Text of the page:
Indonesia Plans to Offer 21 Oil, Gas Blocks for Tender in 2016

Indonesia Plans to Offer 21 Oil, Gas Blocks for Tender in 2016
Indonesia plans to offer 21 conventional and unconventional oil and gas blocks in a tender in 2016.

Indonesia plans to offer 21 conventional and unconventional oil and gas blocks across the country in a tender in 2016 as it tries to attract upstream investments to secure future energy supply, local daily The Jakarta Post reported Wednesday.

The government will offer existing oil and gas fields, shale gas blocks and coal bed methane (CBM) blocks in an open tender.

“The number of (oil and gas) working areas on offer has been declining from year to year. We expect that the number (of areas) will increase next year as a result of breakthroughs by the exploration team,” IGN Wiratmaja Puja, director general for oil and gas at the Ministry of Energy and Mineral Resources (MEMR) said Tuesday during a hearing at Indonesia's House of Representatives, as quoted in The Jakarta Post report.

Wiratmaja revealed that of the 13 conventional oil and gas blocks available, eight of these will be offered through a regular tender. They include 

  • SE Mandar
  • Tomini Bay I
  • Tomini Bay II
  • Tomini Bay III
  • Tomini Bay IV
  • Gorontalo Tomini I
  • West Misool
  • Merauke

The remaining five conventional oil and gas blocks offered through a joint study scheme are Batu Gajah Dua, Bukit Barat, West Bengara, West Kendilo and Ebuny.

Turning to unconventional blocks, the government will offer three shale gas blocks for tender, comprising Jambi, Central and East Sumatra as well as Central and Southeast Sumatra blocks. Meanwhile, the MEMR indicated that the five CBM blocks being offered are the Raja, Southern Sumatra, Bunga Mas, West Air Komering and South Bengara blocks.

The MEMR had earlier tasked an exploration team headed by geologist Andang Bachtiar to find oil and gas potential in the country.

In recent years, Indonesia has been struggling to reverse declining oil production caused by ageing wells in mature fields.

While upstream investment were needed, foreign oil and gas firms have been hesitant to invest in the former Organization of Petroleum Exporting Countries (OPEC) member as they were deterred by an uncertain business environment, bureaucratic red-tape and corruption scandals involving senior officials of upstream regulator SKK Migas and MEMR. As a result of falling domestic production, Indonesia was compelled to turn to expensive imports of crude oil and petroleum products to meet rising domestic energy demand in recent years.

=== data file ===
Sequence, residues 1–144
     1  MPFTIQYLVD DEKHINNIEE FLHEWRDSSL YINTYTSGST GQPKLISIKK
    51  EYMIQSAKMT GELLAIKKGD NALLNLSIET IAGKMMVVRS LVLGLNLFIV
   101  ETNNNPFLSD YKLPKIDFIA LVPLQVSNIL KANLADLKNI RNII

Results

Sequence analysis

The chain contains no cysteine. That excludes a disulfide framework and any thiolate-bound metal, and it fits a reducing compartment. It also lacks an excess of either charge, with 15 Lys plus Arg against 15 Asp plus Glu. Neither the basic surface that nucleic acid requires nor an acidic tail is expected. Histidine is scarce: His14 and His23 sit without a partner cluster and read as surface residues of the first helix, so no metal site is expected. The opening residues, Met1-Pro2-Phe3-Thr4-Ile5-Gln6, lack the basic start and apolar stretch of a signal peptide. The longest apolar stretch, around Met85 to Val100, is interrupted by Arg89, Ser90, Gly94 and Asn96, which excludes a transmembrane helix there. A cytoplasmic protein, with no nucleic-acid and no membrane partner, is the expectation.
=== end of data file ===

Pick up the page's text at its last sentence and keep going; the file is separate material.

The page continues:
Separately, Indonesia appears to be on track to offer as many as 11 conventional and unconventional blocks in a tender this year.

“We will look for companies with big capital and the ability to take risks,” Wiratmaja said, referring to exploration in the eastern part of Indonesia, where a more challenging environment exists due to topography and inadequate supporting infrastructure although the country’s frontier areas, particularly in deepwater locations, are estimated to hold significant reserves and resources.

Meanwhile, Indonesia could miss the 2015 oil production target as more than 10 companies have recently revised downward their oil production targets due to project delays, according to SKK Migas, as reported by The Jakarta Post Aug. 28. The upstream regulator estimated that Indonesia would only produce 812,000 barrels of oil per day (bopd) of crude this year, below the target of 825,000 bopd.

SKK Migas attributed the lower figure to a production delay in Exxon Mobil Corp.’s Cepu oil block in East Java following a riot in August. The upstream regulator's spokesperson Elan Biantoro told The Jakarta Post that the Cepu block missed its 100,000 bopd production target last month as production stood around 80,000 bopd. Cepu's production is expected to meet its production targets by October and peak at 225,000 bopd by the end of December.


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